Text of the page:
Major stations illuminated in blue to honour NHS

London Euston station lit up in blue to honour NHS and key workers.

Three more Network Rail stations have turned blue to show their support for the NHS during the current Coronavirus (COVID-19) pandemic.

In what is now become something of a tradition, the stations joined other railway landmarks in bathing themselves in blue light – the colour of the NHS – as part of a weekly tribute to NHS, care staff, health professionals and other key workers.

Captain Matthew Flinders led the first circumnavigation of Australia, which he completed in December 1803. He died in London in 1814, aged 40, and was buried in St James’ cemetery, where Euston station now stands. This statue was erected in 2014, 200 years after his death, when he was thought to be buried somewhere under one of the station’s platforms. However, in 2019, excavations for the new HS2 station uncovered his grave, identified by the lead plaque on his coffin.

London Euston’s station frontage, along with its historic Robert Stephenson and Captain Matthew Flinders statues, were turned blue by the lights.

Workers outside Birmingham New Street ‘clap for the NHS’.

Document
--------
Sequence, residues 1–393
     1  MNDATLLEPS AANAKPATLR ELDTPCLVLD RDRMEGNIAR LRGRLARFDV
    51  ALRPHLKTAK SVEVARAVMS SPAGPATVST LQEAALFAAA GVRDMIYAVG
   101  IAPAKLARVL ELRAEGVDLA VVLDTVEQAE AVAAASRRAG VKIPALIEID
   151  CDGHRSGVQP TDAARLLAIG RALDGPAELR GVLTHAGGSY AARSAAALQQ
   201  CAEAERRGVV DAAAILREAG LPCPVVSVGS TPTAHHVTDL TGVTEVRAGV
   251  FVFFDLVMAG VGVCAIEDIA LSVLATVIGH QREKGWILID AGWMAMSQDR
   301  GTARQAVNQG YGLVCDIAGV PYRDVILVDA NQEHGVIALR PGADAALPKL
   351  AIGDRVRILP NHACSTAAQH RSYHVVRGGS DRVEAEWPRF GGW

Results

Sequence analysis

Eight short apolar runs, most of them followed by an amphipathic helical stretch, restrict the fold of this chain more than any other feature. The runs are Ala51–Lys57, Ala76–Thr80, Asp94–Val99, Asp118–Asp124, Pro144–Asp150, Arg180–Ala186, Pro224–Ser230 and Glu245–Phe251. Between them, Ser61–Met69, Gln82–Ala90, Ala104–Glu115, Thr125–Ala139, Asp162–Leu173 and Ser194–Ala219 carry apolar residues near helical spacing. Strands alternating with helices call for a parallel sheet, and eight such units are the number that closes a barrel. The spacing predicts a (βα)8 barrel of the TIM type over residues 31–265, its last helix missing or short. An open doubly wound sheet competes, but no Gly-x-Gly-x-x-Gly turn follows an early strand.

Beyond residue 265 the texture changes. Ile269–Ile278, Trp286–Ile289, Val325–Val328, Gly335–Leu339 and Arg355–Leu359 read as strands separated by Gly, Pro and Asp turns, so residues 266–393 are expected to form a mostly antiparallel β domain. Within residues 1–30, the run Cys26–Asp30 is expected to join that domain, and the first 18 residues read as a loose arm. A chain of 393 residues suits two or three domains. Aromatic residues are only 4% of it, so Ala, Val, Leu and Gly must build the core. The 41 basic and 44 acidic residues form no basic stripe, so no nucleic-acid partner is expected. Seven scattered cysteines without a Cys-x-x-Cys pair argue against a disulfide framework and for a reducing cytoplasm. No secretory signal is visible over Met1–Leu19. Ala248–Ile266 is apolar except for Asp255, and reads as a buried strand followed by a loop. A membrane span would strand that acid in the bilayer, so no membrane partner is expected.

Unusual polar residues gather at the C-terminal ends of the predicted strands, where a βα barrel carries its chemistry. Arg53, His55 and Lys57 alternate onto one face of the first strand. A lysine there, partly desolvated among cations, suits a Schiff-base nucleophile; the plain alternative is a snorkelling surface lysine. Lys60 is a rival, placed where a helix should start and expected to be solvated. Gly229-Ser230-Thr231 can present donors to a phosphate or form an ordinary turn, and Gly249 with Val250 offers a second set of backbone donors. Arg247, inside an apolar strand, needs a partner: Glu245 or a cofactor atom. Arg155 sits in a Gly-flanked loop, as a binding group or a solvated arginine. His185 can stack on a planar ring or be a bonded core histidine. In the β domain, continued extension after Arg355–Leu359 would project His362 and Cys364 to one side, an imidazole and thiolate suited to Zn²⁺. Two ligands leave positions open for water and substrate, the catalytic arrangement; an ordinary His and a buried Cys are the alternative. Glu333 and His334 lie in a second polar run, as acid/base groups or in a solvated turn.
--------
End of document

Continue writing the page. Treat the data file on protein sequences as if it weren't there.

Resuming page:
At Birmingham New Street, messages were played on the media eye displays at the three station entrances while station staff applauded the NHS.

Liverpool Lime Street station.

Liverpool Lime Street station also lit up its frontage in honour of the NHS.

Tim Shoveller, Network Rail.

Tim Shoveller, Network Rail managing director for the North West and Central region, said: “It’s been great to join the rest of the railway industry to, quite literally, shine a light on the herculean effort being made by thousands of healthcare professionals working to save lives every day at this time of national crisis.

“We will continue to show how proud we are of the NHS and help in any way we can during the ongoing fight against the spread of Covid-19.”

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